Category Archives: Mac OS X

Everything around Mac OS X

Using TouchID for sudo on macOS Sierra

A couple of days ago, I’ve received my new 15″ Mac Book Pro. So far I’m quite happy. Ok the the circumstance, that I have to carry around a bunch of adapters. I’m waiting for the first projector at customers with USB-C connection. But thats an other story. Initially I thought, that I will not use the new Touch Bar that much. But I must admit that it’s quite handy from time to time. In particular the Touch ID to unlock the Mac Book Pro.

During my day to day work, I’m using the terminal quite a lot. This also includes the use of sudo. Why not using the Touch ID, to run a privileged command with sudo rather than typing the password. Good idea, unfortunately this is not possible out of the box in macOS Sierra. A Google search has revealed two possible solutions respectively projects on GitHub.

  • Replace the sudo with a customised version of sudo, which does support Touch ID (see sudo-touchid
  • Add a customised PAM module, which does support the Touch ID (see pam_touchid

I have decided to test the custom PAM module, because it seems, that this alternative has less impact on the operating system. The configuration is straight forward and includes the following steps:

  • Build the project using Xcode
  • Copy the PAM module to a custom location
  • Update the sudo configuration

As mentioned in a comments on GitHub, sudo over ssh does not work with this PAM module (see pam_touchid appears to break sudo over SSH) pam_touchid.m requires a small modification. In particular the following if statement has to be added at the top of the method pam_sm_authenticate.

if (getenv("SSH_TTY"))
return PAM_IGNORE;

In case of a sudo authentication request over SSH the module will do nothing. Sudo will fall back to the regular PAM modules. So lets start Xcode to adjust pam_touchid.m and build pam_touchid.so.2.
Build PAM Module
Create a custom directory for the PAM module, copy pam_touchid.so.2 and adjust the owner and privileges.

sudo mkdir -p /usr/local/lib/pam/
sudo cp pam_touchid.so.2 /usr/local/lib/pam/
sudo chown root:wheel /usr/local/lib/pam/pam_touchid.so.2
sudo chmod 444 /usr/local/lib/pam/pam_touchid.so.2

Update the sudo configuration and add auth sufficient pam_touchid.so reason="execute a command as another user" to the top of the file.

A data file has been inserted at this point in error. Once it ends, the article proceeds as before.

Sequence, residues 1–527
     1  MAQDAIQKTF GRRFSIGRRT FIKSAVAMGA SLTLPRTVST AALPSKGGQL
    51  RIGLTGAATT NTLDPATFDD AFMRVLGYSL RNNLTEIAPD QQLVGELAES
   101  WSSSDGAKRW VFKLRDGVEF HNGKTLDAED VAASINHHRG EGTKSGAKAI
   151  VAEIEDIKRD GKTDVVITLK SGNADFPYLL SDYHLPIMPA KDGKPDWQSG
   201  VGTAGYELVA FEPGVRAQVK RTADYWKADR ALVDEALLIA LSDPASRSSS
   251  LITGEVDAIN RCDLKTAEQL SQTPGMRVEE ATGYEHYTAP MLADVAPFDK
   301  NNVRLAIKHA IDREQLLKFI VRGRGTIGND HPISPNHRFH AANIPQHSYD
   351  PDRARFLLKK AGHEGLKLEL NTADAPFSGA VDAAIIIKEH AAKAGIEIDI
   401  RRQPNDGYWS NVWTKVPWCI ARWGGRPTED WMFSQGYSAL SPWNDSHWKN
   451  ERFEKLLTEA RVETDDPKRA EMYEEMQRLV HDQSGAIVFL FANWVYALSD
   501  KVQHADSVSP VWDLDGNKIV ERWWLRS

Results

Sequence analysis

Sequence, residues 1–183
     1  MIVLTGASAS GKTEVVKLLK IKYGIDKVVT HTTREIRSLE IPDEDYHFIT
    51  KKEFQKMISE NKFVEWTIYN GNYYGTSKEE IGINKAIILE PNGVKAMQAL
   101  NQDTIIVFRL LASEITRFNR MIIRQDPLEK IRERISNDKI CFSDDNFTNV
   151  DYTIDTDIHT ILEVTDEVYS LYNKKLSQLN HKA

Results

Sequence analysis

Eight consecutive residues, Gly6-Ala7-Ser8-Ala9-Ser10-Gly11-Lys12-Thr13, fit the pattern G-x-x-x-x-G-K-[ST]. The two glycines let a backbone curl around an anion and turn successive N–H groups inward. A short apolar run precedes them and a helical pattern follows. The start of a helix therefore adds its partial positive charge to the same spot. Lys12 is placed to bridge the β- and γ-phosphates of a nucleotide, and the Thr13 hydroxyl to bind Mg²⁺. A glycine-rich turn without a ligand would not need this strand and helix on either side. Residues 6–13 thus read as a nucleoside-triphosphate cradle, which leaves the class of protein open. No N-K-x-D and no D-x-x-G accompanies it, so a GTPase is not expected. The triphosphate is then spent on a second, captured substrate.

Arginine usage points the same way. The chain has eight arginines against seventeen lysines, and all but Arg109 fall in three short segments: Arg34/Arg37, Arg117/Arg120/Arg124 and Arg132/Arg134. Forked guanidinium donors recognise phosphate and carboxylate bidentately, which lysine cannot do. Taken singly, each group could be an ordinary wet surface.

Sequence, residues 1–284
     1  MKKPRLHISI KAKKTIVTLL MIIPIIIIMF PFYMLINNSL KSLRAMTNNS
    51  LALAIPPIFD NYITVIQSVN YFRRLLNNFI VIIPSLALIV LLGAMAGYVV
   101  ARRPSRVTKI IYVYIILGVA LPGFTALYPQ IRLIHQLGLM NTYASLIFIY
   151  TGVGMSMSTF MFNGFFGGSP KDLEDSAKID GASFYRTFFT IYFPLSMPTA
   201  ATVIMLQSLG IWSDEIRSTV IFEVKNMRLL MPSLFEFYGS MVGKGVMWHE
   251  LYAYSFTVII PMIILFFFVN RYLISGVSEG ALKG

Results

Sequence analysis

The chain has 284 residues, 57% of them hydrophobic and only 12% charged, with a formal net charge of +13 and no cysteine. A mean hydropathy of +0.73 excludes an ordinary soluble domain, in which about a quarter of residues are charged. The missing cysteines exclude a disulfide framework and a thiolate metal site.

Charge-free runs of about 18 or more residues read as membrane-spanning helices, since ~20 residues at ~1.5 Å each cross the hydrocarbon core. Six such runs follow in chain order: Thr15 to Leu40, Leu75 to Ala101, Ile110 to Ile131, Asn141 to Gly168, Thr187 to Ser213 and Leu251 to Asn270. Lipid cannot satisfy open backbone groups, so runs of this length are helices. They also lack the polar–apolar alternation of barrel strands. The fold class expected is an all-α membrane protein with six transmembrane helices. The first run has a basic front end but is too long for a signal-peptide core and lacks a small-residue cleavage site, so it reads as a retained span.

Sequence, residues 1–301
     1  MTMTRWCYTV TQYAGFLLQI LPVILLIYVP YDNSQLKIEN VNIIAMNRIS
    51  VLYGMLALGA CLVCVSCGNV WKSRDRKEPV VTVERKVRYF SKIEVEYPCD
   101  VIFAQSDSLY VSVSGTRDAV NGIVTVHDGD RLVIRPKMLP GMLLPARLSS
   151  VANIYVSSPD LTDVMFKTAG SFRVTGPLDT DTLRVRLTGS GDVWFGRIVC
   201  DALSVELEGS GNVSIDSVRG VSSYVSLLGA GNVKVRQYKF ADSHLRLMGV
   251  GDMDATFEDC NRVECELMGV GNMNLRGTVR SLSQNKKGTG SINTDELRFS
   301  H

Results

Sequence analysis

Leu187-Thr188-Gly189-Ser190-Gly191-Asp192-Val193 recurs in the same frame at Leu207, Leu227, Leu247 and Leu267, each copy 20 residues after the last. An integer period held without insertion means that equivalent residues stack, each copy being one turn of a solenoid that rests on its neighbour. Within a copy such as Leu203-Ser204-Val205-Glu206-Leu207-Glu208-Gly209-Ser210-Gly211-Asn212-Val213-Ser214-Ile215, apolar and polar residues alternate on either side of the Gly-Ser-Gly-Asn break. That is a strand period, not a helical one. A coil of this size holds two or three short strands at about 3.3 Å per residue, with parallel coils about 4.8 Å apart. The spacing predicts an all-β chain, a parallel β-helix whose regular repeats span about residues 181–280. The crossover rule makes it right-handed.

sudo vi /etc/pam.d/sudo

cat /etc/pam.d/sudo
# sudo: auth account password session
auth sufficient pam_touchid.so reason="execute a command as another user"
auth required pam_opendirectory.so
account required pam_permit.so
password required pam_deny.so
session required pam_permit.so

As soon as you start a new terminal session, you can use your Touch ID to authenticate sudo. Below you see an example of sudo hostname to get the current hostname.
TouchID
As mentioned in the realm of the PAM Touch ID project, you have to be sure what your doing. If it is the first time you use Xcode and Terminal, it is probably better to not change your sudo authentication.

Thanks to Hamza Sood for this PAM module.

Get rid of Adobe PDF Viewer plugin in Safari

Recently I’ve had to install the Adobe Acrobat Reader on my MacBook Pro. As usual, I was in a hurry and had no time to complete the installation. Since then Safari will always use Acrobat PDF Viewer plugin to display PDF. Because I prefer using Mac OS Preview to view PDF files, it is time to get rid of the Acrobat plug-in.

Nothing easier than that…

… just open Terminal and go to the Library folder to remove the corresponding Acrobat Internet Plug-Ins.

cd "/Library/Internet Plug-Ins/"
sudo rm -rf AdobePDFViewer*

Mac OS X Terminal Compatibility Settings

I start using iTerm rather than Terminal to work on the command line. In my opinion it is much more powerful to setup some window groups. Several tabs and/or windows can be stored and managed as bookmarks. The manipulation of window and tab title seams also a bit easier. But that is not the topic of this post 🙂

When working on the command line I also use TVDBasenv. Starting a new session always display the status of environment / databases.

Last login: Tue Apr 26 22:17:55 on ttys014

Down/dummy   : rdbms1020 rdbms1020IC

Listener     : Down

user@host:~/ [rdbms1020IC]

Unfortunately in iTerm this does not work in the same way as in Terminal.

Last login: Tue Apr 26 21:52:17 on ttys010
ps: illegal option -- f
usage: ps [-AaCcEefhjlMmrSTvwXx] [-O fmt | -o fmt] [-G gid[,gid...]]
[-u]
[-p pid[,pid...]] [-t tty[,tty...]] [-U user[,user...]]
ps [-L]

Down/dummy   : rdbms1020 rdbms1020IC

Listener     : Down

user@host:~/ [rdbms1020IC]

I first thought that the two Application are using a different PATH and therefore a different ps. But all the following test have shown the same output on both environments.

user@host:~/ [rdbms1020IC] which ps
/bin/ps

user@host:~/ [rdbms1020IC] type -a ps
ps is /bin/ps

The comparison of the environment variables finally showed a few differences.

diff iterm.txt terminal.txt
...
< COLORFGBG=0;15
< COMMAND_MODE=legacy
---
> COMMAND_MODE=unix2003
< TERM_PROGRAM=iTerm.app
---
> TERM_PROGRAM=Apple_Terminal
> TERM_PROGRAM_VERSION=273.1
...

It seams that COMMAND_MODE does the trick. In iTerm it is set to legacy while Terminal is using unix2003. So setting COMMAND_MODE to legacy cause utility programs like ps to behave as closely to Mac OS X 10.3’s utility programs, while setting it to unix2003 causes utility programs to obey the Version 3 of the Single UNIX Specification (SUSv3).

To fix my issue I simply have to add COMMAND_MODE=unix2003 to my .bash_profile.

More information on manipulating the compatibility settings can be found in
man 5 compat